|Sustainable Energy News - No. 06 September 1994 (INFORSE, 1994)|
NGO Office for the Climate Summit '95
The German NGOs have established a joint office to coordinate the preparations and activities for the first Conference of the Parties (COP1) on the Climate Convention in Berlin in March 1995. The office will be a center for all local and national NGOs involved in Germany in close cooperation with Climate Action Europe. NGOs from all over the world count on the German organizations to play an important political role before and at the summit as well as to provide adequate infrastructure for them. The Office: Behrenstr.23, D-10117 Berlin, ph: +49-30-202 2030.
NGO Pressure on German Government
The German NGOs know that massive changes are necessary in the
international energy policy. They continue to press the German government to
take the lead and to present a legally binding CO2-Protocol for the Climate
Summit. They stress that this protocol must incorporate the Toronto target, a
reduction of CO2 emissions in industrialised countries by at least 20 percent by
2005, with 1990 emission levels as the relative basis for the reduction. They
also demand that it incorporates measures to reach the target, like energy taxes
and the general establishment of least-cost planning. Previously, countries like
Germany, Denmark, Australia and Canada declared that they would aim to reduce
CO2 emissions in their own countries by 25 per cent from 1987 levels by
Climate Negotiations Standstill
During the last negotiations on the Climate Convention, INC 10 in Geneva, August 29 - September 9, the German government proposed some draft elements to a protocol with additional targets and measures for greenhouse gas reductions. Nevertheless, the following negotiations did not lead to any proposal for a protocol to strengthen the weak commitments that are included in the Climate Convention. The majority of the countries were in favor of using the Climate Summit in Berlin, March 1995 just as the start of negotiations on a protocol to be agreed upon in 1997. This is quite a slow response to the widespread agreement at INC9, that the present commitments are insufficient.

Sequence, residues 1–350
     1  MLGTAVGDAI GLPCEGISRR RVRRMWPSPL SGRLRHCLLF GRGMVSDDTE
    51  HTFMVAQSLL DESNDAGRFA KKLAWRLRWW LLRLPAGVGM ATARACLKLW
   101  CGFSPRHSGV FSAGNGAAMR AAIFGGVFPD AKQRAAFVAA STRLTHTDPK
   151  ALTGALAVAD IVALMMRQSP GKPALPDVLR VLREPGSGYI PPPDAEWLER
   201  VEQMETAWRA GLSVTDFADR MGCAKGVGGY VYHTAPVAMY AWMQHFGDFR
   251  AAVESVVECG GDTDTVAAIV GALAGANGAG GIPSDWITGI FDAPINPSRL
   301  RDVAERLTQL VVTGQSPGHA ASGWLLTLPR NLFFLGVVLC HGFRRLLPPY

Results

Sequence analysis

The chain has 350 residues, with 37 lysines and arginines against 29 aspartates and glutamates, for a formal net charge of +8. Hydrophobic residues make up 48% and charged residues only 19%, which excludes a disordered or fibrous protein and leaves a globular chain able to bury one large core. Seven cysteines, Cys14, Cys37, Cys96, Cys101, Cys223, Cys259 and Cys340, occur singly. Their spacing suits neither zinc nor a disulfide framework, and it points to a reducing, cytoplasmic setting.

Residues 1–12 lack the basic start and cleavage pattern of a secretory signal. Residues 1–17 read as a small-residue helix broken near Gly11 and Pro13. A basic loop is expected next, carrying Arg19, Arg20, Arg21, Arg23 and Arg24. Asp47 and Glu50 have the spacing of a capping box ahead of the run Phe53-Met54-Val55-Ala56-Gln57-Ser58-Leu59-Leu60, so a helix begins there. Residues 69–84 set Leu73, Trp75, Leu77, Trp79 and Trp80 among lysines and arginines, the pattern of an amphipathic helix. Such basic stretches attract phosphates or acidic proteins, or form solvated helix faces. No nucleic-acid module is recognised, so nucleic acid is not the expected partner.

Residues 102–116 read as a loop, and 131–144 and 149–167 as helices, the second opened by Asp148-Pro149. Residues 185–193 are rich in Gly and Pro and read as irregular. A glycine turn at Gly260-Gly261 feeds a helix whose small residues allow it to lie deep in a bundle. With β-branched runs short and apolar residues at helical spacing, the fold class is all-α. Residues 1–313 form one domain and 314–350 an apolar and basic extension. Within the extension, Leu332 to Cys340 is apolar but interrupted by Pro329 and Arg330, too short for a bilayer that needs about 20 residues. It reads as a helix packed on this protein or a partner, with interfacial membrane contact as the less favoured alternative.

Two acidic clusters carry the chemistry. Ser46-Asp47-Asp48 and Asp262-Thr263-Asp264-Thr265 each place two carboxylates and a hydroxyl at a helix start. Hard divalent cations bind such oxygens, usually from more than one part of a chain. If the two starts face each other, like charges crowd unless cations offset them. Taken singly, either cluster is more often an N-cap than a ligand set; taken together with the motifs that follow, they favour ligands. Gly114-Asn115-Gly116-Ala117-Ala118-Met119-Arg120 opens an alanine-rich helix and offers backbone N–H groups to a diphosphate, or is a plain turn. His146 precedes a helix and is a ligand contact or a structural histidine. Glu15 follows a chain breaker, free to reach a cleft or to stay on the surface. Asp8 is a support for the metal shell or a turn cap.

Energy Charter Treaty to be Signed in November?
The ongoing negotiations on the binding Energy Charter Treaty, which will guide free trade and investments in energy in OECD and Central and Eastern European countries, took a large step ahead in June, when negotiators finally agreed to a number of compromises. The last outstanding question was the article about national sovereignty over own resources. Others were compromises about acceptance of a special status for EU and similar regional economic organizations, and about opening of the uranium market in EU for Russia. The paragraphs about environmental concerns have not been changed since 1993, where it was agreed to refer to international environmental treaties, but in a rather weak wording.
After the compromise in June, legal questions have delayed the publishing of a final text. The major concern from the free-market promoters is that the article about national sovereignty can override articles about equal treatment of national and international companies. Other issues still debated are a US proposal of reducing the role of regional economic organizations, a US reluctance to enforce the Protocol in its individual states, and a Russian proposal to allow the countries to halt capital transfers out of the country in times of currency crisis.
In spite of the outstanding questions, the Charter Secretariat in Bruxelles is planning a larger meeting for signing the Treaty in November. A number of countries are proposing that this event also be used for signing an Energy Efficiency Protocol. Such a protocol can help to reduce the bias towards exploration and supply options that the Energy Charter Process has currently. The negotiators are very close to an agreement on a not very strong Energy Efficiency Protocol.
(Based on EC Energy Monthly, August 15, 1994 and information from the Danish Ministry of Energy.)